FIG. 1 is a schematic representation of a portion of a human female reproductive system including the uterus and fallopian tubes, showing the device of the present invention inserted in an operative position.
FIG. 2 is a fragmented enlargement of the free or working end of the present invention showing the element in closer detail.
FIG. 3A is a fragmented enlargement of the absorbable means located at the site of thermally destroyed mucosal tissue with the catheter removed.
FIG. 3B is a view of the result of scarification and healing of the site in FIG. 3A after the interval of absorption.
Referring to FIGS. 1 and 2, there is shown schematically a sterilization device 10 of the present invention. In FIG. 1, uterus 12 includes fallopian tubes 14 having an entry or cornul portion 16 between each fallopian tube 14 and the uterus 12. The device 10 is shown vaginally inserted into and extending through the uterus 12 into one fallopian tube 14. The fallopian tubes 14 each have a mucosal lining 18, a muscle layer 17 and a serosa 16 (see FIG. 2). The mucosal lining 18 is particularly resistant to permanent, surgically or thermally induced obstruction and has the characteristic that is particularly resists scarification which tends to block the fallopian tube 14. However, under proper conditions, the muscle layer 17 will scarify so that the fallopian tube 14 will become blocked.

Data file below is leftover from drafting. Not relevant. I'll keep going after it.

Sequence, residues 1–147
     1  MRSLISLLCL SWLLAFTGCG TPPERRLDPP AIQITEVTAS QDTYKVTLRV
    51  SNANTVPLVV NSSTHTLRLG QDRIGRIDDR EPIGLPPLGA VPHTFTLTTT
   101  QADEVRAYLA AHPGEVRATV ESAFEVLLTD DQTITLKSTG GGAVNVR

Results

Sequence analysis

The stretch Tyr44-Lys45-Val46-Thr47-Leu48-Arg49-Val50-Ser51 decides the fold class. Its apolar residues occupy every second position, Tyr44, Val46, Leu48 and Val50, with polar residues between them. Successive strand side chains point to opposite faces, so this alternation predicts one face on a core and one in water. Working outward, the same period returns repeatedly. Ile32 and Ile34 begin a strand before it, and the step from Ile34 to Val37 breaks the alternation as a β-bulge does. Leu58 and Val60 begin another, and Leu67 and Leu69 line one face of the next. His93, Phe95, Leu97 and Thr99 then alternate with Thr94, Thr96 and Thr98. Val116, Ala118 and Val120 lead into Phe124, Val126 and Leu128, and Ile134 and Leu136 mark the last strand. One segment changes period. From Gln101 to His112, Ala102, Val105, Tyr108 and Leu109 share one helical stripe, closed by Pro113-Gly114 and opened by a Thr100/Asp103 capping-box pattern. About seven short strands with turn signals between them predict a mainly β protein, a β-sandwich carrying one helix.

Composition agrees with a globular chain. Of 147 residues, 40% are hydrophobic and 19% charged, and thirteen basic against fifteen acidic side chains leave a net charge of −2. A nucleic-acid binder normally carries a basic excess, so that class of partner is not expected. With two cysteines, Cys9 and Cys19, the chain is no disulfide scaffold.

The device 10 of the present invention includes a catheter 20 which has a free or working end 22 and a control end 24. The catheter 20 includes an outer cover member or sleeve 21 and a concentric inner core 19.
The free end 22 of the catheter 20 has a cautery 32 mounted thereto. Preferably the cautery 32 is thermoelectric. More particularly a solid state, electrically energizable cryocautery device known as a peltier cell or peltier device is preferred, and the term will be used hereinafter interchangably with cautery.